Dyer outlines 25 common empath traits. Although I can tend to, or embody most, I will list my top 10:
- look for the underdog who is going through emotional trauma
- highly creative
- have a deep disdain for narcissism
- knowledge seekers always looking for something new
- strong desire to only engage authentically in meaningful interactions
- truth is paramount and can detect lies readily, feeling the negative effects
- constantly feel drained and tired
- charismatic and people are attracted to their energy
- very observant and extremely good at reading facial expressions and body language (‘tells’)
- drawn to alternative and spiritual arts such as organic nutrition, hypnotherapy, psychotherapy, holistic, energy and Reiki practices.
Strategies and solutions for empathy healing
And, because it is a problem to let the symptoms go undiagnosed, negatively effecting holistic/mental health, Dyer shares several strategies and solutions. Here, I list, from my readings, some of these which I have found to be personally effective:
- get enough rest as anyone suffering from depression and anxiety will also tell you
- deep breathing exercises
- limit exposure to overly stimulating environments (including social media (tough to do, I understand because it is also a key means of connecting to my world:)
- appreciate and honour your state of consciousness
- identify the difference between thought consciousness and empathic consciousness
- practice visualization on a regular basis to keep you grounded
- know the healthy routines which reduces stress for you personally such a hike, essential oils, or warm bath and find time for them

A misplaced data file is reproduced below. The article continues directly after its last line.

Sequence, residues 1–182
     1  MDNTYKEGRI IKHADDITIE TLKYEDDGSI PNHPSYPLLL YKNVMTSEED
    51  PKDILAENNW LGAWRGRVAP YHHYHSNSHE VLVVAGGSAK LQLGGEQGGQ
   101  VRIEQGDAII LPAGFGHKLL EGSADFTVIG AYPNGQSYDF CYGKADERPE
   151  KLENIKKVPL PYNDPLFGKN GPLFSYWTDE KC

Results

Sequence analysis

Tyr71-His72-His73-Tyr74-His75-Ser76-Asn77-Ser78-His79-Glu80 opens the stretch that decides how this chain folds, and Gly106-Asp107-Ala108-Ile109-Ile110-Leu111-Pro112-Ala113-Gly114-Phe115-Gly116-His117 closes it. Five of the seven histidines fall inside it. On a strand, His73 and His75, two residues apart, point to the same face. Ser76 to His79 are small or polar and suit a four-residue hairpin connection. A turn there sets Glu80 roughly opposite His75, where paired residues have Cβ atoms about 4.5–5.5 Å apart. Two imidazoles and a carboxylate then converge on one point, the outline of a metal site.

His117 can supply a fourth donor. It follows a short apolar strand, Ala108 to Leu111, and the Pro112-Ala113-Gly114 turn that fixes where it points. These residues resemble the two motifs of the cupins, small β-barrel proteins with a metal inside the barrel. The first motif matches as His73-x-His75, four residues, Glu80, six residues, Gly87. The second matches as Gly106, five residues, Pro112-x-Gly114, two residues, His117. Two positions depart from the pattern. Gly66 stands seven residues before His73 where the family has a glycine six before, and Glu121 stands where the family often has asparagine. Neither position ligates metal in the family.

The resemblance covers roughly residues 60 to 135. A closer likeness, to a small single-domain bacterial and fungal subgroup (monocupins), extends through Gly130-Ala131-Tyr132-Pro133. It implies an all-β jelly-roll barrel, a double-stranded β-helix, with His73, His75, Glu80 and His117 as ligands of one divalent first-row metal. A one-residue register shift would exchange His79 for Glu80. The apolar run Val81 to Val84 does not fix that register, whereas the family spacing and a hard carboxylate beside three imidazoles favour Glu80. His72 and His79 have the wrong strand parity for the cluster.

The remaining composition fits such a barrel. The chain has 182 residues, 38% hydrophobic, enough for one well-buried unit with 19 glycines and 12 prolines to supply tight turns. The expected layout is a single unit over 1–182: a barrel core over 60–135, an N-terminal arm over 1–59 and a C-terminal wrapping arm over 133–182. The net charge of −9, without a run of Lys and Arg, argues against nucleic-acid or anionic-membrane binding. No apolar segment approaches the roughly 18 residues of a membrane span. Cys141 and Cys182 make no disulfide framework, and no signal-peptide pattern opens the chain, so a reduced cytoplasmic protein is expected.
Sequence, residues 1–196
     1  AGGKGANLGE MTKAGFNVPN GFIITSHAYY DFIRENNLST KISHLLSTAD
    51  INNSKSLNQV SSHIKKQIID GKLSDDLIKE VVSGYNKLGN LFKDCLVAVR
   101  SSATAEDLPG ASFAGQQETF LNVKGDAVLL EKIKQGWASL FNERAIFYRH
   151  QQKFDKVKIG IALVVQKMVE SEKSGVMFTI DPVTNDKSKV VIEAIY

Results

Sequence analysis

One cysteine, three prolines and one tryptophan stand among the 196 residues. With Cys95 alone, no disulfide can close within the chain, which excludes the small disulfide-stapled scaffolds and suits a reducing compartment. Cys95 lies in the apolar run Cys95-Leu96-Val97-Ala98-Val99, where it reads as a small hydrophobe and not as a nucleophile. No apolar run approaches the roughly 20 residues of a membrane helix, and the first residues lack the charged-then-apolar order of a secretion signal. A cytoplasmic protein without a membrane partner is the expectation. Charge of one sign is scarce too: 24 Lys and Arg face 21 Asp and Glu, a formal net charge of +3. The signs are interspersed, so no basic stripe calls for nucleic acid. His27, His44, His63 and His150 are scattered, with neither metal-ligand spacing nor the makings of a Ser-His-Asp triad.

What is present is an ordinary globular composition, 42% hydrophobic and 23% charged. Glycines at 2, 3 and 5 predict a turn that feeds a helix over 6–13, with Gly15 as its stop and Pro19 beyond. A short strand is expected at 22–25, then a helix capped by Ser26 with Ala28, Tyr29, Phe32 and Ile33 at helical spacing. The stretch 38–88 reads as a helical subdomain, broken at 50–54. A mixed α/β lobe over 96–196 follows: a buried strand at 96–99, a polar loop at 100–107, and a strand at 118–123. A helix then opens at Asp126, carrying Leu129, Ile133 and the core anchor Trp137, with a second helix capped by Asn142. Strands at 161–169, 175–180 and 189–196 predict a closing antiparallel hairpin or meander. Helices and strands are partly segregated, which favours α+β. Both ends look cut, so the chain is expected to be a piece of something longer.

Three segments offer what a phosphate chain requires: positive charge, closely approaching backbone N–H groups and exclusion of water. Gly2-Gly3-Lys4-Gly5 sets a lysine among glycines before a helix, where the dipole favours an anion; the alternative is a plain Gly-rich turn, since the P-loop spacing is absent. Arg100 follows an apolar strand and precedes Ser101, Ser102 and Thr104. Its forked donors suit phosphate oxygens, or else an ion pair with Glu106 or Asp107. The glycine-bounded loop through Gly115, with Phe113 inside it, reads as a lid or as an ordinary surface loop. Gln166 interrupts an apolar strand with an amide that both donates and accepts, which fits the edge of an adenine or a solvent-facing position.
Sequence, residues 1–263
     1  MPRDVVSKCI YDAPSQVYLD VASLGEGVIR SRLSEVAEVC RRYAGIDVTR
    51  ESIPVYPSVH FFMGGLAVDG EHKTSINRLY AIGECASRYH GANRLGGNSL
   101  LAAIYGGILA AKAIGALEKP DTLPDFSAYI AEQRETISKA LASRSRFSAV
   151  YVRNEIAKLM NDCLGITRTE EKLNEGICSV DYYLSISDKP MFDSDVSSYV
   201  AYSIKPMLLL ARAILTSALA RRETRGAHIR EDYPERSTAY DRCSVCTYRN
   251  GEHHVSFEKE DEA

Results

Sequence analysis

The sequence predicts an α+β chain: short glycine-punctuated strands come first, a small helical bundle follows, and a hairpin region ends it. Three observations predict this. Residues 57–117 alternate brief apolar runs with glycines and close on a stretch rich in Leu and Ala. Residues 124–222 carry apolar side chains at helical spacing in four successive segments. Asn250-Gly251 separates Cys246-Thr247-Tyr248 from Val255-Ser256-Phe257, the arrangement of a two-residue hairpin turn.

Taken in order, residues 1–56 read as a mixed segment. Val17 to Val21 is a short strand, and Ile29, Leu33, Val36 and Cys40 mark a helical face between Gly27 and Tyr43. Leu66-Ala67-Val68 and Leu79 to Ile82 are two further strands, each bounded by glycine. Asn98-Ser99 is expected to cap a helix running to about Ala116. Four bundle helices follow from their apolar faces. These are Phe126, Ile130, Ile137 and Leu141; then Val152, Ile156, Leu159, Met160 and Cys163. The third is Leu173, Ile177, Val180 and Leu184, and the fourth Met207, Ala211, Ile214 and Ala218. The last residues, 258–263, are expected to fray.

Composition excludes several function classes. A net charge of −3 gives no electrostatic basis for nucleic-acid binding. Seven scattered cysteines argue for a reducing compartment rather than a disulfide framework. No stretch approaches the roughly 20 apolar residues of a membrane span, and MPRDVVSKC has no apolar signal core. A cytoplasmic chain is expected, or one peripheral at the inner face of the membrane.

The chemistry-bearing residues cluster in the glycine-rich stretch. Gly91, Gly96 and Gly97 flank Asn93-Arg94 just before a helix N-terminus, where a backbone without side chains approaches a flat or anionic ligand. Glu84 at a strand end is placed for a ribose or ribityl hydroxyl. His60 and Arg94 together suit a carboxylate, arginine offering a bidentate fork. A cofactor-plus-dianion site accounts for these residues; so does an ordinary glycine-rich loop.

Essential oil recipes for the empath
Below I share some of the recipes we can download as flashcards from Empath. Although the initial investment of essential oils, beeswax and dispensing containers is a bit of a financial commitment, it is more economical in the long run. I also buy epsom salts and make my own natural products using some of Dyer’s essential oil recipes.
Quick and Easy Lavender Neck Rub
Ingredients include pure lavender and fractioned almond or coconut oil Dyer shares the ‘how-to’s in the recipe section of the Empath.
Frankincense and Myrrh Lotion
This homemade body lotion made from a mixture of frankincense and myrrh is a fantastic recipe. Not only does it alleviate anxiety symptoms but it also hydrates the skin with essential nutrients and vitamins. Ingredients include olive oil, coconut oil beeswax, shea butter … and so on… Dyer shares the process of preparing and best storing practices in the book.
Lavender soap homemade bar
This homemade bar of lavender soap not only provides relief from anxiety but is also extremely beneficial for the skin….
And, this only the tip of the iceberg of the valuable information/resources the book Empath provides. By enhancing our knowledge and understandings, we leverage our gifts and enhance the lives of others as well as our own.
This Art Matrix Magazine article and book talk looks at empathy as a cacophony of tells. In radical empathy you are surrounded by ‘tells’ a cacophony of noise creating just a ‘noise-of-knowing’ and overwhelming anxiety until you have effective filters, and radical acceptance, in place.